Tofino weather: In Appreciation of Rain
by John Platenius and George Patterson, Tofino
You are likely standing on the Esowista Peninsula in the southern end of the Clayoquot Sound unesco Biosphere Reserve, one of the rainiest places on earth. In Tofino the average Rainfall is 135 inches per year, more than ten feet! I capitalise the r in rainfall out of respect, awe and a bit of fear. Dallas, Texas gets 36 inches/yr, Paris, France 23.9 inches, Hamburg enjoys 29.7 inches of rain.
September is our transition season into the Wet weather. Most of our Rainfall comes during the Winter, but Spring is very damp, and the Fall is pretty darn moist too. The expression "I'm bailing out of here" may have originated in Tofino, as many residents develop a desperate need for dry, sunny weather by late February.
Polar air masses migrate south in the autumn. Travelling for days across a relatively warm ocean, it warms and moistens. The Vancouver Island Mountain Range acts as a rainmaking device. As the air mass moves from the ocean towards the continent, the mountains force it up. As it rises it cools. Colder air can carry less water than warmer air, it condenses forming clouds or fog and perhaps (usually in our case) precipitation. The east side of Vancouver Island gets less than half the rain as the "Wet Coast".
The volume of water that falls upon the land is the prime ingredient in the extremely high biomass of our forests. The weight of living things, the trees, shrubs, mosses, insects, birds etc. in the temperate coastal rainforest is higher than any other type of forest in the world. Yes, even higher than tropical rainforests.
Now here's the punch line: We should be thanking this glorious Rain for Tofino's thriving tourism economy.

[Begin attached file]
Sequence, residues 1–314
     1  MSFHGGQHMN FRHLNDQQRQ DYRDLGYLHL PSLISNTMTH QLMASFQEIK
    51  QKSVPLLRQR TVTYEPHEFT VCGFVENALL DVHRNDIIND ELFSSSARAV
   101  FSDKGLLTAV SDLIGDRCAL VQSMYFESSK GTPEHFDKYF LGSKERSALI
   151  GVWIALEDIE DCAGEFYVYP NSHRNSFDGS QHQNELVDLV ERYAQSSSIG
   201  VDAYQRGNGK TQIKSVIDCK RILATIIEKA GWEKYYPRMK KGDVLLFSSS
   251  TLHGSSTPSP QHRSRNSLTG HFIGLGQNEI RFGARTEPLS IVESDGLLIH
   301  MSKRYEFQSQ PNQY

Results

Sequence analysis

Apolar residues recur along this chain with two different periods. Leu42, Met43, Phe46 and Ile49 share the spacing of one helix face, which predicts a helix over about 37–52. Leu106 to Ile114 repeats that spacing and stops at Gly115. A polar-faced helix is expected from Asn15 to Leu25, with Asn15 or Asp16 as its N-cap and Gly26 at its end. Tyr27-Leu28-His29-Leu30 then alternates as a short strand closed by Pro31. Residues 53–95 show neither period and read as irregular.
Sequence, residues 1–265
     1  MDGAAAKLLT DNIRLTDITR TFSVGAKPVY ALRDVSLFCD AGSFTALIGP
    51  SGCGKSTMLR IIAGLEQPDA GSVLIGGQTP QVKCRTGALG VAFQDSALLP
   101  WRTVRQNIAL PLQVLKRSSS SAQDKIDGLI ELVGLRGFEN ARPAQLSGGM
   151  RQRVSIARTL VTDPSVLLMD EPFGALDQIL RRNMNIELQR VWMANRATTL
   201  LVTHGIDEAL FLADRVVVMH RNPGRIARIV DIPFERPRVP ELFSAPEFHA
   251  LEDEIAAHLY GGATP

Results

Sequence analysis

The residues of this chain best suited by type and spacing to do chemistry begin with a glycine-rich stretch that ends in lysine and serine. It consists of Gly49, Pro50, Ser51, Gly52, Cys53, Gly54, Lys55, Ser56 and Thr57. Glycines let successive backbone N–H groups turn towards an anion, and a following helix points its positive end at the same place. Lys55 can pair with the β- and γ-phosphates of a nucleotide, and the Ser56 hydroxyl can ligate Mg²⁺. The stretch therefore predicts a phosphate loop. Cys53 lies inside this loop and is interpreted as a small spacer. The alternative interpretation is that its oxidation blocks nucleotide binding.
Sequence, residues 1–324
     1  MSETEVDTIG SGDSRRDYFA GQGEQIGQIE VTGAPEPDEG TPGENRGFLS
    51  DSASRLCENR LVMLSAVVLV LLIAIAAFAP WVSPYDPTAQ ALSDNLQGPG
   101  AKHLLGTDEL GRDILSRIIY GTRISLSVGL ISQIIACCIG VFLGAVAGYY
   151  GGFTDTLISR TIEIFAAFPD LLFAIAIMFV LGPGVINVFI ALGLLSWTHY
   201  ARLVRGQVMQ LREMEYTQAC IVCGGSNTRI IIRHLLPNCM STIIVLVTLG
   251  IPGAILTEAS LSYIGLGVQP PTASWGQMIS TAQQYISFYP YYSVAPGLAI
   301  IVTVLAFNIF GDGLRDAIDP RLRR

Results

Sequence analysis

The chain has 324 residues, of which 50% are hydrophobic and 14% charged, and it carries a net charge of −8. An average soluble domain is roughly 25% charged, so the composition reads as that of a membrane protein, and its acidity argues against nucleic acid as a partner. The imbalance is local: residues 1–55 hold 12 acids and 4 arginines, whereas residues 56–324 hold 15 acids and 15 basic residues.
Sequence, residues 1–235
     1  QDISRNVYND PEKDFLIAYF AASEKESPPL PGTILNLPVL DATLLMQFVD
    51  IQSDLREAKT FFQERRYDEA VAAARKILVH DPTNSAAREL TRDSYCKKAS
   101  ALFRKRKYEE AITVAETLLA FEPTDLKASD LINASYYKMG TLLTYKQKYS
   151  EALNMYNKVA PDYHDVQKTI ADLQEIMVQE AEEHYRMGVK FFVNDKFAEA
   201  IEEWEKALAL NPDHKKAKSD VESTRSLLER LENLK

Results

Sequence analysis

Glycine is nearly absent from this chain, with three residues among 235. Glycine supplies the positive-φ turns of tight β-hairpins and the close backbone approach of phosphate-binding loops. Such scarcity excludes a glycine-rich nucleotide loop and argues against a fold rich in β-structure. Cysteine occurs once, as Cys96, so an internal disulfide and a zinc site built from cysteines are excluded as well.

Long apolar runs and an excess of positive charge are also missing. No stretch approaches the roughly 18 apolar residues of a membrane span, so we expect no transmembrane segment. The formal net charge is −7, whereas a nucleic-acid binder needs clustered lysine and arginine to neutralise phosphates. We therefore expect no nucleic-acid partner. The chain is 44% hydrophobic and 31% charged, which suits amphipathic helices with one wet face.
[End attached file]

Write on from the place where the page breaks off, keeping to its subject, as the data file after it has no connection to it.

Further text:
The Rain is what created and continually feeds the stunning, intact natural systems that most of our visitors are here for. As sea kayakers make their way over to Meares Island to see The Big Tree (one of the best visual examples of colossal biomass I can think of), they can silently thank Tofino's very Wet conditions for its glory. The temperate rainforest's highly productive environment (think Rain) also creates world-class habitat for multiple salmon species. Without these intact forests, salmon fisherman would be heading to the Charlottes. And of course the bears and marine mammals that draw families out for marine eco-tours are all dependent on these forests, which are reliant on... You guessed it - our glorious Rain.
You might be thinking that the forests would do ok without It. Maybe you're questioning my assumption that Rain is everything here. Perhaps. But a friend of mine recently told me about an experiment in the Amazon Basin that is testing this theory in tropical rainforests, so I looked it up.
Obviously rainforests need water to thrive, but what this Woods Hole Research Centre study found is that when the tropical rainforest dries out, there are much bigger implications than you might anticipate: a rainforest drought would likely increase the rate of Global Warming.
You probably remember photosynthesis from Grade 5 biology class. Plants use sunlight, water and the atmosphere's carbon dioxide to create sugar and oxygen. When the rainforest is denied that glorious Rain, the stomata of the forest's leaves close up to conserve water and valuable sugars, which slows down the rate at which they take carbon out of the atmosphere.
So as we make this transition into the long, lonely Wet season, try to remember a few things that may keep this year's annual return of Seasonal Affective Disorder at bay.
The Rain's bounty is the driving force behind the natural splendour of Clayoquot Sound. The big trees, salmon, whales and bears are all dependent on the Rain that feeds this beautiful eco-region. Most of Tofino's visitors (the lions-share of Tofino's economy) are here to see or experience the forests, animals and landscapes fed by this Rain. And strange as it may sound, without our wonderful Rain we'd likely spiral into a Global Warming cycle that could really give us something to complain about.
George Patterson is the Executive Director of the Tofino Botanical Gardens and John Platenius is the Director of Programs and Development at the Tofino Botanical Gardens Foundation.